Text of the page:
A Compass Without a Map: Digital Reading and A.S. Byatt’s Possession

Byatt’s novel is a massive testament to literary study, filled to the brim with fascinating literary figures. It’s all the more impressive that Byatt has largely created them out of thin air. There are many characters and motivations within Byatt’s novel; throughout the novel each tries to ‘possess’ knowledge, usually in the form of Randolph Henry Ash’s letters to Christabel LaMotte. With Possession as my primary text, I will argue that Byatt’s novel ultimately resists digital forms of reading. With digital media, there are thousands of intellectual papers, literary rarities, virtually anything I can think of available at the press of a button. This goes against all of the characters in Possession. They want to possess the literary history themselves, privately and individually, all in the same way, for different reasons.
I will first explore the advantages and disadvantages to digital reading, and research, and how it can help and hinder the reader. I will do this using my experience reading Stephen Ramsay’s Reading Machines as an eBook, using both Ramsay’s text and Eco & Carriere’s This is not the end of the Book; as well, I will further discuss the subject using David M. Berry’s book Understanding the Digital Humanities. I will continue to reference these works throughout the essay; however, I will explore them at the beginning to illuminate how I’ll approach Possession and what Byatt’s novel says about how Possession should be approached.
I will then discuss the patterns and readings of Possession through digital media, non-digital reading and the subjectivity of the novel using my own insight and Mark M. Hennely Jr.’s “Repeating Patterns” and Textual Pleasures: Reading (In) A. S. Byatt’s “Possession: A Romance”
Additionally, I will explore the idea of Byatt’s of textual research of literature as a romantic process, through Robert B. Heilman’s “A. S. Byatt’s “Possession” Observed.” Which will ultimately illuminate the dangers of a future where digital reading is the norm, and why elements of Byatt’s novel resist such a future.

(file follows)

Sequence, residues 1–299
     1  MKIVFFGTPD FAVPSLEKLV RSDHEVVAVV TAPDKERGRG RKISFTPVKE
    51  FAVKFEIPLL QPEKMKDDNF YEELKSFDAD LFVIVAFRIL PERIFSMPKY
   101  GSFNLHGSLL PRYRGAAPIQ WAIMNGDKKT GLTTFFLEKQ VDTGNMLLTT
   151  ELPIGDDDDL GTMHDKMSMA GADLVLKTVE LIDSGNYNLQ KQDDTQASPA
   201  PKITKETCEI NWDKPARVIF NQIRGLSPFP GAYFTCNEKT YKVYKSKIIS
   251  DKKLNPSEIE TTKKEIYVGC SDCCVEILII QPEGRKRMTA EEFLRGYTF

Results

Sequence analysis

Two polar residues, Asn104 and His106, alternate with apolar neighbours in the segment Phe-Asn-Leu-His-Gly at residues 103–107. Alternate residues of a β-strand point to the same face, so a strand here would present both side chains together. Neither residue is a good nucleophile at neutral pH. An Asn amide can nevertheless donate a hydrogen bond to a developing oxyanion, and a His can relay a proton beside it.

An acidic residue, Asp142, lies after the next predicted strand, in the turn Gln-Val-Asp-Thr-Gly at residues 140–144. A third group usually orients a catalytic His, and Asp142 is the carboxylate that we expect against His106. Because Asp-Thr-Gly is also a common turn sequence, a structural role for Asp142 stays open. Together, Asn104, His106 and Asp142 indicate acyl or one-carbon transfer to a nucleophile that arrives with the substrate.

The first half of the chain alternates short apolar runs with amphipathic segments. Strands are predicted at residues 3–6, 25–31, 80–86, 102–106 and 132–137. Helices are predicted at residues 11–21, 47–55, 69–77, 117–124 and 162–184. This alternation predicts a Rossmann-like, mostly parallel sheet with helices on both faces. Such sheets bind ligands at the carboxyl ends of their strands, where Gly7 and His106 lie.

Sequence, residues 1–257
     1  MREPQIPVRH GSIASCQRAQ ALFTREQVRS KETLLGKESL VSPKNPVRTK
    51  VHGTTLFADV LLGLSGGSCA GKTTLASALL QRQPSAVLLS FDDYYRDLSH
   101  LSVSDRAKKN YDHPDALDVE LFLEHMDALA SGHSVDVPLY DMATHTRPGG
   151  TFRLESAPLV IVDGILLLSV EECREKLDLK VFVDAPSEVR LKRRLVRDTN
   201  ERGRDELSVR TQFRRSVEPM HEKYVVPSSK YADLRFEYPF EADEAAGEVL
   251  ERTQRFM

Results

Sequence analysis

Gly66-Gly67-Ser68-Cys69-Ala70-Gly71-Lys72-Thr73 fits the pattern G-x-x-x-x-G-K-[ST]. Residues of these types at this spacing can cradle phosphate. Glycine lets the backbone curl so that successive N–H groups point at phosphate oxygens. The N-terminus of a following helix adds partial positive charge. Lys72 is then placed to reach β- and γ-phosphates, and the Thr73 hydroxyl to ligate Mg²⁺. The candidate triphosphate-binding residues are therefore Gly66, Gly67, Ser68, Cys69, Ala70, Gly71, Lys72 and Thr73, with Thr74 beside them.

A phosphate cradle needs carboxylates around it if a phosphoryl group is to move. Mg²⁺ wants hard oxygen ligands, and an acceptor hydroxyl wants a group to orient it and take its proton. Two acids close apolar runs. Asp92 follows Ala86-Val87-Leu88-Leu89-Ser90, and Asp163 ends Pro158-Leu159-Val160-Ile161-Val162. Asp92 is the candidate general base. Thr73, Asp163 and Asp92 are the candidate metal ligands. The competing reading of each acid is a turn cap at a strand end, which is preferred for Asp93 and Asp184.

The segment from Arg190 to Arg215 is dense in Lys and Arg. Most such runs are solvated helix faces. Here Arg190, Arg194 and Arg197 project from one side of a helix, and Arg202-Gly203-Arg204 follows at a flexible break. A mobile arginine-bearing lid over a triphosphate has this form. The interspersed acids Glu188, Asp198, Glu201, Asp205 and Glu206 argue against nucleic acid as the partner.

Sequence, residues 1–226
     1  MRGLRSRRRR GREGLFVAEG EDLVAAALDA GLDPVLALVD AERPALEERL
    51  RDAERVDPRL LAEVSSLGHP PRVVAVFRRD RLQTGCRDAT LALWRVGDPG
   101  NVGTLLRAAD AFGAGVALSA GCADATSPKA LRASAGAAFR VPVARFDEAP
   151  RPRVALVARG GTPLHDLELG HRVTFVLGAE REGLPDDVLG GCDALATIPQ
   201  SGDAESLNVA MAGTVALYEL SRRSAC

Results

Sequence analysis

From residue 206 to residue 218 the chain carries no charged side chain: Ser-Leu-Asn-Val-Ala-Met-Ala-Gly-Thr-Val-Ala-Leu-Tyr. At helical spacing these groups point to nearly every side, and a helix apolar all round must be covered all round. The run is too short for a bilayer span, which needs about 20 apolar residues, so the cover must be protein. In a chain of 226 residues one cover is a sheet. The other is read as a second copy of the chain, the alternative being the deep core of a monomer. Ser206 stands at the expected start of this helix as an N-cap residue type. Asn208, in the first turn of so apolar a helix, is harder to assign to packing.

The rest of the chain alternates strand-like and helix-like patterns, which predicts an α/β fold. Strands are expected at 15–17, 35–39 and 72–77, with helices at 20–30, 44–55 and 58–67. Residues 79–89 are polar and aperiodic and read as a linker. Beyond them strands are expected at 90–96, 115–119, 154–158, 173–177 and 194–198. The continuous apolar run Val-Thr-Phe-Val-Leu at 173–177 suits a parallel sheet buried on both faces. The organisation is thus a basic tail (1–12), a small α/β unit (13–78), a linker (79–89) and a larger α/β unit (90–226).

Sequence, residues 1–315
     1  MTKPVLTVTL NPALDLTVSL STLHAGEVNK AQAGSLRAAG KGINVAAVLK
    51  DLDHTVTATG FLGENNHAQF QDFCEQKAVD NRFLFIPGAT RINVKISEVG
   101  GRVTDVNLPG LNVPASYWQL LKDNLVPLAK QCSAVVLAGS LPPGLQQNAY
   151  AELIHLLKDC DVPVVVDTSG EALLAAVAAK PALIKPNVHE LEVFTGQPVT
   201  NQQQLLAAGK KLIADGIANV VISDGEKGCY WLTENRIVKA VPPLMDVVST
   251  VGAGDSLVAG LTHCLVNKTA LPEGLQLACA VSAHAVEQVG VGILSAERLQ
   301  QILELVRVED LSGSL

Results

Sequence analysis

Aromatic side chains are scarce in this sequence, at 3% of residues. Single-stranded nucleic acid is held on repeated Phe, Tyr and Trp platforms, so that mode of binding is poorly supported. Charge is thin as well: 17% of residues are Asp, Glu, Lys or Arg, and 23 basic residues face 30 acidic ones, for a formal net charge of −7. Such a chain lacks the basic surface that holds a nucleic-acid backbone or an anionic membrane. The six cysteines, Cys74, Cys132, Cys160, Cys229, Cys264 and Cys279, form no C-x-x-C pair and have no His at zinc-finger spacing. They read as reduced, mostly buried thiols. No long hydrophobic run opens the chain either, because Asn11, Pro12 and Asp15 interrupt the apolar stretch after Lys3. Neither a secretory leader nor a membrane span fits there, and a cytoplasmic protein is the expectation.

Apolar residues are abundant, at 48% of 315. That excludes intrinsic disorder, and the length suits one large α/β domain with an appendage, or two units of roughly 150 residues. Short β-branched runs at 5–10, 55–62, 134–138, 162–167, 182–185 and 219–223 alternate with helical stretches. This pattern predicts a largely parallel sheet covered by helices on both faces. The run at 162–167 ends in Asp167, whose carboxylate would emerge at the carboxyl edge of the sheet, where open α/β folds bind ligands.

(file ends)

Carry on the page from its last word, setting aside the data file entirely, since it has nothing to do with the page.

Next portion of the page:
Digital libraries are useful in that they tell you everything about the text, and link to all relevant areas. There’s not much intellect or history to possess but rather to read, and acknowledge. But how will new knowledge be discovered? Ultimately the entire point of Byatt’s novel is right in the beginning; Roland find the letters that set off the events in the entire novel because they happened to be in an old Ash text. This is akin to finding a useful book on the shelf beside the book that brought you to that section of the library. Yes, there are “beside this book” options that are available, especially at the U of C‘s Library website, but Byatt seems to argue that the history of literature is literally and figuratively within it’s pages. Without physical documents to prove facts, love and events, there’s no proof, and no knowledge to possess. Like Ramsay suggests in his book, algorithmic reading, and digital reading are extremely useful tools, but Byatt’s novel suggests that if we rely only on tools, our possession of the knowledge itself is lost to endless Google searches and stored .pdfs.

Bibliography

Carrière, Jean-Claude, Umberto Eco, and Jean-Philippe De. Tonnac. This Is Not the End of the Book: A Conversation. London: Harvill Secker, 2011. Print.
I will use Carriere and Eco’s thoughts to illustrate the lasting strength of printed literature and it’s relation to digital media and algorithmic tools.

Berry, David M. Understanding Digital Humanities. Houndmills, Basingstoke, Hampshire: Palgrave Macmillan, 2012. Print.
Berry’s text will help to link the two in class texts together, and illuminate the advantages of digital humanities.

Ramsay, Stephen. Reading Machines: Toward an Algorithmic Criticism. Urbana: University of Illinois, 2011. Print.
I will use Ramsay’s text to highlight the importance and usefulness of algorithmic readings in contrast and comparison to Carriere and Eco’s text.

Robert B. Heilman’s “A. S. Byatt’s “Possession” Observed.” The Sewanee Review 103.4 (1995): 605-12. JSTOR. Web. 22 Mar. 2013. .
I will use Heilman’s text to highlight the romantic aspects of Byatt’s text, and the idea of literary studies as something romantic, which will link to the importance of non-digital reading.

Hennely. Mark. M, Jr. “Repeating Patterns” and Textual Pleasures: Reading (In) A. S. Byatt’s “Possession: A Romance” Contemporary Literature. 44.3. (2003). 442-471. JSTOR. Web. 20. Mar. 2013.
I will use Hennely’s text to elucidate the recognition of patterns in reading Byatt’s text in relation to the subject at hand.

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One Response to A Compass Without a Map: Digital Reading and A.S. Byatt’s Possession

  1. ullyot says:

    This is a great start, Grant — and a reminder (like your presentation today) that for Byatt, physical artifacts are essential: hence the lost message in the Postscript. But you may be implying that digital surrogates for those archives are somehow threatening the artifacts, which I’m not sure they are; they’re overlaid on them, making them accessible.

    Martin Mueller has some useful things to say about surrogates here: http://bit.ly/ZmYE1u

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